After dressing, he exited to find Muir standing in the next room. The house around him was modest but well-made, with floors of planked silver wood and a hearth of black stone. Light filtered through two windows. A shelf on one wall held an assortment of glazed plates, bowls, and cups. A book with yellowed pages lay open on the table beside which Muir stood, still dressed in black.
The sorcerer’s dark gaze weighed him, awaiting something.
It was too soon to attempt to seize Muir’s magic. The sorcerer’s guard was up, his suspicions not yet set to rest. Cian had planned the moment he would do it. He would make his move when he and Muir lay with limbs entwined, fluids spent, bodies glutted with sex. During his journey to the frigid north, he’d talked to brindled seals who told him of ships pulled onto the island’s rocks, of sailors washed safely to shore—young, beautiful sailors, all of whom were returned to the sea soon after, lifeless and broken. He’d spoken to sea birds who told him young men sang with pleasure when the sorcerer pierced them, though the birds had never seen one die. Death, then, did not visit during sex but at some point after.
His cock twitched at the challenge. He had always been excited by power and enjoyed fucking over men who hoarded it. Muir would not be as easy to lure as his ancient masters, who had openly used the beautiful youths at their disposal, or the kings he had seduced as his looks grew into their early promise. Muir took men he wanted, when he wanted. So far he had shown no sign he wanted to take Cian.
“I owe you my life,” he said. “Let me repay my debt by serving you.”
“Serve me?” Muir sounded amused.
“In whatever way you require.”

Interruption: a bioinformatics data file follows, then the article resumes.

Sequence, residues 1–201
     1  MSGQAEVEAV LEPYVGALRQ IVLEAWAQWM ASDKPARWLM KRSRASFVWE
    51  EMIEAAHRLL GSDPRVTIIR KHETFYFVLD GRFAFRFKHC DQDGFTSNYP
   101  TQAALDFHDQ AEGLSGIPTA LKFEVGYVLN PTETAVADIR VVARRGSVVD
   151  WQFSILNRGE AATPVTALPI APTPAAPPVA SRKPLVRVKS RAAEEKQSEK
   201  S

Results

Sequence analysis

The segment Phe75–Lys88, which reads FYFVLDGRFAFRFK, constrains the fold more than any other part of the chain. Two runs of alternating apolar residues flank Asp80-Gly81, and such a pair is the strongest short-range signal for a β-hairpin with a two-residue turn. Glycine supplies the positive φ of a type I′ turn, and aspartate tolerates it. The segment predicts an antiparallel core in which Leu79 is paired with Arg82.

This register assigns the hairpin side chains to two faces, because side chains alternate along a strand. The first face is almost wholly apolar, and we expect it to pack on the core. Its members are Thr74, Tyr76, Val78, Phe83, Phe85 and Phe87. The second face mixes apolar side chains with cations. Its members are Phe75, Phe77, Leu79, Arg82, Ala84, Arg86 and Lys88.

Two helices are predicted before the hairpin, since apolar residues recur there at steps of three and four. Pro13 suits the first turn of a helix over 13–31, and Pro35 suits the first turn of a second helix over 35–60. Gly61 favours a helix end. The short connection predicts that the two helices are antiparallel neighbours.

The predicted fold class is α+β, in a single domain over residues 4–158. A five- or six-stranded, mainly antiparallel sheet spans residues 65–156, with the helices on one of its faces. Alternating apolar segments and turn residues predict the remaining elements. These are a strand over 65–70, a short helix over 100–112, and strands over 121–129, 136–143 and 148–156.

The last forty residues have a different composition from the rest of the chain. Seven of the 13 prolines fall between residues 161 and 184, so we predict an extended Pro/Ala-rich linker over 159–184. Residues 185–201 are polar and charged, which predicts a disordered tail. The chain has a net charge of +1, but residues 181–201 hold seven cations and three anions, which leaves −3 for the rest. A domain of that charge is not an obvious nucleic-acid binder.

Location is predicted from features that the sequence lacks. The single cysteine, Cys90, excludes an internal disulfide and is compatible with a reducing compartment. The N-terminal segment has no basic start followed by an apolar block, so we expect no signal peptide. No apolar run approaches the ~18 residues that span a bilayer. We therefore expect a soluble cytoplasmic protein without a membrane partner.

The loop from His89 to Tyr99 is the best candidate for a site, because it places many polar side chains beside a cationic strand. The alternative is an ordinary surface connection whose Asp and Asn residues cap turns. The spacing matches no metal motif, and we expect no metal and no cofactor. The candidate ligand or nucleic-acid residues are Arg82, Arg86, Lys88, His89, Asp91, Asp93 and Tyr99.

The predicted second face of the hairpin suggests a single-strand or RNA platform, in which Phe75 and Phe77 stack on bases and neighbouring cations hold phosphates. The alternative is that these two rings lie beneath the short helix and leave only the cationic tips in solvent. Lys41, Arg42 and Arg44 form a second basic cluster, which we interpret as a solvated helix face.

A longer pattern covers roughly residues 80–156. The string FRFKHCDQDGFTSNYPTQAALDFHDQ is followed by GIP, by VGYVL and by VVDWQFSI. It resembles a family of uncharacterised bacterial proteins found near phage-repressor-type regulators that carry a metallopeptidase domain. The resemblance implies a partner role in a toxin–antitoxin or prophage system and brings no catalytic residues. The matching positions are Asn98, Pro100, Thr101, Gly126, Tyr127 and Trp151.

“I don’t have many requirements. However, you look strong. Work would mean fetching water, splitting wood, repairing the house and taking long walks. In return I would provide a place to sleep.”
“Long walks?” Cian understood the other tasks.
“To the neighbors or perhaps the village, to collect items I need.”
It surprised him to hear there were neighbors, much less a village. He had thought the island uninhabited. Men living on the windswept headland believed the island consisted of nothing but rock.
“I can walk far if needed.”
“Good. I dislike traveling inland.”
Traveling inland took him away from the sea. Cian nodded his agreement to the terms. He could hardly ask for a better situation than living in the same house as his elusive quarry.
Muir spooned porridge from a pot on the grate into a brown bowl. “You can start today. The cistern needs filling. You’ll find the pail hanging beside it. And one of the shutters is loose.” Before Cian could say another word, the sorcerer was out the door, his long strides carrying him away from the house. Abandoning his porridge, Cian sought to follow but lost sight of Muir when the path turned and descended steeply.
He looked around him. The tiny house perched upon a sheer cliff overlooking the sea. Only by standing at the very edge could he glimpse a rocky strand at the bottom, which was pounded by waves. Upon the cliff and around the house itself, nothing grew. To every side was rock or sea, though the land dipped somewhat to the west before rising again to meet the horned peak seen from the mainland. He soon discovered that at the bottom of the gully was a marshy area where some grasses grew to form a meadow visited by a few wary goats. A well, bored deep into solid rock, stood halfway to the goats.